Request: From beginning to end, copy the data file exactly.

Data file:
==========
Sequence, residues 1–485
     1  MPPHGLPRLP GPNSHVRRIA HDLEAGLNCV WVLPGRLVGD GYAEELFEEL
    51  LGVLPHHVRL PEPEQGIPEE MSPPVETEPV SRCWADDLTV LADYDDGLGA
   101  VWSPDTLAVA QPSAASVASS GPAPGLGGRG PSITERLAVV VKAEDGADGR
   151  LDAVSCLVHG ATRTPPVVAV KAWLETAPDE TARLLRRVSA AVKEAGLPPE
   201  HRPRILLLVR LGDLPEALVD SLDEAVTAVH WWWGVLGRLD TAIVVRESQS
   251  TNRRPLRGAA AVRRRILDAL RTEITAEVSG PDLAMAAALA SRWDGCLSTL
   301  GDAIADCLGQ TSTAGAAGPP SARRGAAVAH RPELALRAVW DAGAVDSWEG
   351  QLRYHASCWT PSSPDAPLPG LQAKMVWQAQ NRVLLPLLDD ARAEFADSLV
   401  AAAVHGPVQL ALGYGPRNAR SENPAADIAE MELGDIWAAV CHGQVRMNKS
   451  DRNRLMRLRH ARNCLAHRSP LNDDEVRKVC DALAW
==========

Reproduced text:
Sequence, residues 1–485
     1  MPPHGLPRLP GPNSHVRRIA HDLEAGLNCV WVLPGRLVGD GYAEELFEEL
    51  LGVLPHHVRL PEPEQGIPEE MSPPVETEPV SRCWADDLTV LADYDDGLGA
   101  VWSPDTLAVA QPSAASVASS GPAPGLGGRG PSITERLAVV VKAEDGADGR
   151  LDAVSCLVHG ATRTPPVVAV KAWLETAPDE TARLLRRVSA AVKEAGLPPE
   201  HRPRILLLVR LGDLPEALVD SLDEAVTAVH WWWGVLGRLD TAIVVRESQS
   251  TNRRPLRGAA AVRRRILDAL RTEITAEVSG PDLAMAAALA SRWDGCLSTL
   301  GDAIADCLGQ TSTAGAAGPP SARRGAAVAH RPELALRAVW DAGAVDSWEG
   351  QLRYHASCWT PSSPDAPLPG LQAKMVWQAQ NRVLLPLLDD ARAEFADSLV
   401  AAAVHGPVQL ALGYGPRNAR SENPAADIAE MELGDIWAAV CHGQVRMNKS
   451  DRNRLMRLRH ARNCLAHRSP LNDDEVRKVC DALAW